# Biostatistics Tools | NYU Langone Health

Clinical & Translational Science Institute Research Support Biostatistics Tools

# Biostatistics Tools

The Biostatistics, Epidemiology, and Research Design team at NYU Langone’s Clinical and Translational Science Institute have compiled useful biostatistics tools for statistical analyses.

The tools include calculators for study design, such as power and sample size calculation, and calculators for data analysis such as t test, chi-square test, Pearson correlation coefficient, linear regression, and receiver operating characteristic (ROC) curve. If you need additional research advice, please submit our online form to request a consultation.

## Tools for Study Design

Several online tools are available for researchers to calculate statistical powers or sample sizes during the study design phase.

### Power Calculator

When a study sample size is determined, researchers may wish to calculate the statistical power of the statistical hypothesis for the given study sample size. Inputs typically contain sample size (n), the effect size, the number of groups, and the desired type I error rate (the probability of rejecting the null hypothesis when it is true, typically set at 0.05 when there is no multiple testing corrections), and one-sided or two-sided test.

For continuous outcomes, use the two-sample unpaired t-test power calculator to test the hypothesis that the outcome has the same mean between two groups or the analysis of variance (ANOVA) power calculator to test to test the hypothesis that the outcome has the same mean between multiple groups.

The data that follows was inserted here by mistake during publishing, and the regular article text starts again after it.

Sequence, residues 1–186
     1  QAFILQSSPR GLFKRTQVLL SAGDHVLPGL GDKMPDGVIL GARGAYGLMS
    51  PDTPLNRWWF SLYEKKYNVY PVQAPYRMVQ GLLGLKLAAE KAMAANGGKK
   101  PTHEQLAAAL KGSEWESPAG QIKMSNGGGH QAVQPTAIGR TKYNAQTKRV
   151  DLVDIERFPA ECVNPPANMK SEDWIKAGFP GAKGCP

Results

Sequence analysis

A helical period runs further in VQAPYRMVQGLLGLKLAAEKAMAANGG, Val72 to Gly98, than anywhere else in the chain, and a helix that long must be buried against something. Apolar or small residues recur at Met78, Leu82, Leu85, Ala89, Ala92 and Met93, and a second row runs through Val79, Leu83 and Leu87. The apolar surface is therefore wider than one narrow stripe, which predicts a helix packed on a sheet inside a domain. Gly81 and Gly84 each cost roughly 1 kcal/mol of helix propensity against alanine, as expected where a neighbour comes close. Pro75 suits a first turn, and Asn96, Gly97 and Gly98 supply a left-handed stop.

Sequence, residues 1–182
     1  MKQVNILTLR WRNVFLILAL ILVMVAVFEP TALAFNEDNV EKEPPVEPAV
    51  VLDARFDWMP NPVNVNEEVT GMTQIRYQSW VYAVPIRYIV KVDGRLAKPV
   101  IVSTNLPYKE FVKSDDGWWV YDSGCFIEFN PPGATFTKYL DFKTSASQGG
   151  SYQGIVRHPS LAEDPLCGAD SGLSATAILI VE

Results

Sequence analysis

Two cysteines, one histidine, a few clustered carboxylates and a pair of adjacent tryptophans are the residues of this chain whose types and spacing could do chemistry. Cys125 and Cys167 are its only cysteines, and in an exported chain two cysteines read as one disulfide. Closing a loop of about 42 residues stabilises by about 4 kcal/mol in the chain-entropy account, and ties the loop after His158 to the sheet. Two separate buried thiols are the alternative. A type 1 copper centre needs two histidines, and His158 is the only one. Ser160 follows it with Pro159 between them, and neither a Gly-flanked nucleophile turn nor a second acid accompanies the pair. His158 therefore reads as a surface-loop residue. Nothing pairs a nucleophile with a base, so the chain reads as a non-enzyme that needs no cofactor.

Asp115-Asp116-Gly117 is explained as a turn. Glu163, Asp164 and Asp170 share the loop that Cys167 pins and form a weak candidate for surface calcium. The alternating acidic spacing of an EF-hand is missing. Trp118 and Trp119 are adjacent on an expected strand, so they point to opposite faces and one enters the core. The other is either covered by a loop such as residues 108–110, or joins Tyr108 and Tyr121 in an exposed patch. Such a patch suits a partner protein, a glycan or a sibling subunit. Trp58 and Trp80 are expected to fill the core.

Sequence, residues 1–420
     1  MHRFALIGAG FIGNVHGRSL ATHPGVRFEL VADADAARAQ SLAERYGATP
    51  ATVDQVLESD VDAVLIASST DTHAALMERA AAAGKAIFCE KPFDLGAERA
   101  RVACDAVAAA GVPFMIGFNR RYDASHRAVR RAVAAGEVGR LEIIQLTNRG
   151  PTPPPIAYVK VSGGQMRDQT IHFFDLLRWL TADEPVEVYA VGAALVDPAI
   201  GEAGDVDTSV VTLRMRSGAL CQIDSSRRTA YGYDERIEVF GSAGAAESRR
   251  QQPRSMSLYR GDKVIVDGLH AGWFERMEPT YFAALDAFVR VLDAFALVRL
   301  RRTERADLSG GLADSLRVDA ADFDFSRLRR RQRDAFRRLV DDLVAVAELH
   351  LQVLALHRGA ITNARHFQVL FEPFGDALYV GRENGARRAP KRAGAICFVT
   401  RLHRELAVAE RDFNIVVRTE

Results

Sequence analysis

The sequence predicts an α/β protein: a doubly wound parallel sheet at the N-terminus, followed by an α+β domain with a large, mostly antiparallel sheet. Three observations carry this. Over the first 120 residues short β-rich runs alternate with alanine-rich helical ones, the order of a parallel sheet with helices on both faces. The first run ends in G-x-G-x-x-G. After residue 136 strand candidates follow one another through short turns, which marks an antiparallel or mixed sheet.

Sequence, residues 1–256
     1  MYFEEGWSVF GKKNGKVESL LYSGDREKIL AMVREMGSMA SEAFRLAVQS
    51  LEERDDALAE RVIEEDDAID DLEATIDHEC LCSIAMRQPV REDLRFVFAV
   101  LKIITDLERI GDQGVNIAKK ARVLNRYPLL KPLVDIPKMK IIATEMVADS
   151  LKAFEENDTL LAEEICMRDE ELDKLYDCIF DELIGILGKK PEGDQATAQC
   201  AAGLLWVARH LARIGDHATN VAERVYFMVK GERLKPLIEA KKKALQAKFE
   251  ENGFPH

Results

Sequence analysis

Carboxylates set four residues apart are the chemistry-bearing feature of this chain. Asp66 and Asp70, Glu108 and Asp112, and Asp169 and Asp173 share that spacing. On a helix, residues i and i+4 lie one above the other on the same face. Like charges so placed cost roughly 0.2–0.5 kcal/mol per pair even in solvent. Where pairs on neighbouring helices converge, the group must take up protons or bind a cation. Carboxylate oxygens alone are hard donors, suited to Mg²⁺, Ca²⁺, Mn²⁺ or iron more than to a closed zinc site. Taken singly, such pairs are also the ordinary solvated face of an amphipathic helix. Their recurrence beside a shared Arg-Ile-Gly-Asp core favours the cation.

For categorical outcomes, use the chi-squared test power calculator to test the hypothesis that the probability of outcome is the same across groups. For continuous outcome and continuous exposure, use the linear regression power calculator to test the hypothesis that the outcome is independent of the exposure, with or without covariates adjusted.

### Sample Size Calculator

When the target statistical power is determined, researchers may wish to estimate how many samples are needed for a study. Inputs typically contain desired power (typically at minimum 80 percent), the effect size, the number of groups, and the desired type I error rate (the probability of rejecting the null hypothesis when it is true, typically set at 0.05 when there is no multiple testing corrections), and one-sided or two-sided test.

When the outcome is continuous, use the two-sample unpaired t-test sample size calculator to test the hypothesis that the outcome has the same mean between two groups or the ANOVA sample size calculator to test the hypothesis that the outcome has the same mean between multiple groups.

For categorical outcomes, use the chi-squared test sample size calculator to test the hypothesis that the probability of outcome is the same across groups. For continuous outcome and continuous exposure, use the linear regression sample size calculator to test the hypothesis that the outcome is independent of the exposure, with or without covariates adjusted.